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Psychological first aid for people fleeing Nagorno-Karabakh

MSF offers mental health support to people displaced from Nagorno-Karabakh

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On Tuesday 19 September, Azerbaijan launched an attack on various areas in Nagorno-Karabakh. The region is a self-proclaimed republic internationally recognised as belonging to Azerbaijan, but which has traditionally been home to many ethnic Armenians. 
After a ceasefire agreement was reached 24 hours later, more than 100,000 residents from the region made their way to neighbouring Armenia through the Lachin corridor, located between the region and the border, which had been closed for 10 months. 

We are dealing with people who have lost everything. Narine Danielyan, MSF medical team leader in Goris

The displaced people have an urgent need for mental health support, alongside their other social and medical requirements. On Thursday 28 September, a medical team from Médecins Sans Frontières (MSF) began receiving patients at the registration centre in Goris, in Syunik province, southern Armenia.

Two psychologists have provided mental health consultations and psychological first aid to over 200 people in just a few days. 

“We are dealing with people who have lost everything,” says Narine Danielyan, MSF’s medical team leader in Goris. 

“Our approach involves several steps, including building trust, ensuring well-being, stabilising those in acute distress, providing practical assistance, rebuilding social connections, offering coping strategies, and connecting them to additional resources and care.” 

Psychological first aid for people fleeing Nagorno-Karabakh
Our teams provide mental health support and psychological first aid to people who have fled Nagorno-Karabakh, in Goris, Syunik province. Southern Armenia, September 28, 2023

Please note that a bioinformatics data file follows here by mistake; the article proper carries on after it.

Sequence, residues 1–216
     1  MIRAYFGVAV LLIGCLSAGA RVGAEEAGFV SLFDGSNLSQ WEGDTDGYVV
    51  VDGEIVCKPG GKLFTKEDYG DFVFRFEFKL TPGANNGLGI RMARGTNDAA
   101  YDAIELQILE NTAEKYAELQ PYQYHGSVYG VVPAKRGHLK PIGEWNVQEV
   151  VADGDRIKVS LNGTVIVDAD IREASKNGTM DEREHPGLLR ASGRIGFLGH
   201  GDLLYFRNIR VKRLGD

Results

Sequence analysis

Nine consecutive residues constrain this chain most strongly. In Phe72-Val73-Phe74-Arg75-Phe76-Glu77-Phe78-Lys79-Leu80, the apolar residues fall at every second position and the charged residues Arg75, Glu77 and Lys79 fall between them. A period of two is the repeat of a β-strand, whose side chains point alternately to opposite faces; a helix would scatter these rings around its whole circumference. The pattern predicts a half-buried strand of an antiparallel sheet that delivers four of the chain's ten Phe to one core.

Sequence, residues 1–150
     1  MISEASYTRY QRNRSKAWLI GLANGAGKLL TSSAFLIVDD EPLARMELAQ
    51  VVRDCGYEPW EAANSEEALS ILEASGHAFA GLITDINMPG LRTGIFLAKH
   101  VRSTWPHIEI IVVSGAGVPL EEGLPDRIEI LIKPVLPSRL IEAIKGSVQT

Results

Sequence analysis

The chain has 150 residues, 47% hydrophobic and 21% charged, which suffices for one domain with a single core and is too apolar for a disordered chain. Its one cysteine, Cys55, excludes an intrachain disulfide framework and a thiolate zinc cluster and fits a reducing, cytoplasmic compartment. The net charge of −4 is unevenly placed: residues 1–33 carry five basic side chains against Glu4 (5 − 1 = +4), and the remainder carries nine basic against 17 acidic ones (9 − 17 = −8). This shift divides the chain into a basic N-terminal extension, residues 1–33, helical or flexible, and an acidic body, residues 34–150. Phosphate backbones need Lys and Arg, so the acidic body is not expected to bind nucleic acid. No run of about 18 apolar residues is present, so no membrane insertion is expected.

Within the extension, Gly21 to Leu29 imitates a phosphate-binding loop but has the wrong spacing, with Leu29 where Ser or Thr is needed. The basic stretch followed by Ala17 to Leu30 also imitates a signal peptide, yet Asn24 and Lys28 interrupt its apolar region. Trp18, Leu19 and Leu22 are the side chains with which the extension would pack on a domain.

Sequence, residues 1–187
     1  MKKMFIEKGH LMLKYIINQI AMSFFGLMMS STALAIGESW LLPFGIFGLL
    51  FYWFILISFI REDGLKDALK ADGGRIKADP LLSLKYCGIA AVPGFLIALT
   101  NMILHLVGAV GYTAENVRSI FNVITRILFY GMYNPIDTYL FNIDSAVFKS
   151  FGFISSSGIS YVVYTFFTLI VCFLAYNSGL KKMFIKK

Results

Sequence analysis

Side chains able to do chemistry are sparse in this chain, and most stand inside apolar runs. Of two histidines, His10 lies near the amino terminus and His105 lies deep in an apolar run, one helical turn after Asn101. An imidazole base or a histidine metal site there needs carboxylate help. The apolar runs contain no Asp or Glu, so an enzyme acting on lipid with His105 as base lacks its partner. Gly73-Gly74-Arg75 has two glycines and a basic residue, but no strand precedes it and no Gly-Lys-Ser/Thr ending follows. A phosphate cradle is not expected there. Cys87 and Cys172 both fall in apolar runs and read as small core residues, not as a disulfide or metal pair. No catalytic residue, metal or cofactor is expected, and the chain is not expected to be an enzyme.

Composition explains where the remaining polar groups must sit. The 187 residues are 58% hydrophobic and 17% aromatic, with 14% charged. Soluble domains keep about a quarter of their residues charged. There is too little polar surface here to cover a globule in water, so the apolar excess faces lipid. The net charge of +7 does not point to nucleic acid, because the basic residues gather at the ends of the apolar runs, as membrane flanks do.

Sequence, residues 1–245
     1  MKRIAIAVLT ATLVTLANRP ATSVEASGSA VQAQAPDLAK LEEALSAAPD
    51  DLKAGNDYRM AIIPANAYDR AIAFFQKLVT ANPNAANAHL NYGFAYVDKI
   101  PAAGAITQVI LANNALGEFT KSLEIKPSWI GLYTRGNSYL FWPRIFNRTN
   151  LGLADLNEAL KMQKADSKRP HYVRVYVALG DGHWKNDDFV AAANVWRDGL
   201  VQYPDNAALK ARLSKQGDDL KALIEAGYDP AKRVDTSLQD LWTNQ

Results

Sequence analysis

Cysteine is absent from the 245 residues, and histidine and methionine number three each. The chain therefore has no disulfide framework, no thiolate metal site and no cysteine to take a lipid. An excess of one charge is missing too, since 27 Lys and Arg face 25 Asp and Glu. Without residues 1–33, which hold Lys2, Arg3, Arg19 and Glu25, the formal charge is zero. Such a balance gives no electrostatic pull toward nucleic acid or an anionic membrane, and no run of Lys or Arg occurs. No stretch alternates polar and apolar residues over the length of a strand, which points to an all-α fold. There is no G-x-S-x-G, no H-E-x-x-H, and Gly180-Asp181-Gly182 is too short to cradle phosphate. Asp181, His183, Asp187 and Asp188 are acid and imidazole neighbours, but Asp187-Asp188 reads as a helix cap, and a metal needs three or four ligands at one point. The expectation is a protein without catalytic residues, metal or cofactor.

The people our teams meet are often exhausted from carrying multiple bags; they are often looking for specific support or just someone to listen to their stories and concerns. 

Most suffer from mental health issues. Our medical staff have observed stress, uncertainty about the future, shock, denial, fear, anger, grief, sleep disturbances and physical symptoms, such as stomach aches and headaches, among the patients we see. But this is just the tip of the iceberg in terms of the long-term suffering that people can endure. 

“A woman came to us, repeatedly expressing her desire to return home immediately and asking for our help,” says Danielyan. 

“Almost everyone we talk to tells us they have lost a loved one or a distant family member. Most of them are devastated and severely psychologically affected.” 

Our mental health teams continue to follow up with patients who have been accommodated in some of the hotels or centres near the reception point in Goris by providing mental health sessions. 

Meanwhile, we remain actively engaged in assessing evolving needs, with a specific focus on general healthcare, continuity of care for patients with non-communicable diseases, and addressing respiratory infections, among other illnesses.

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Press Release 27 September 2023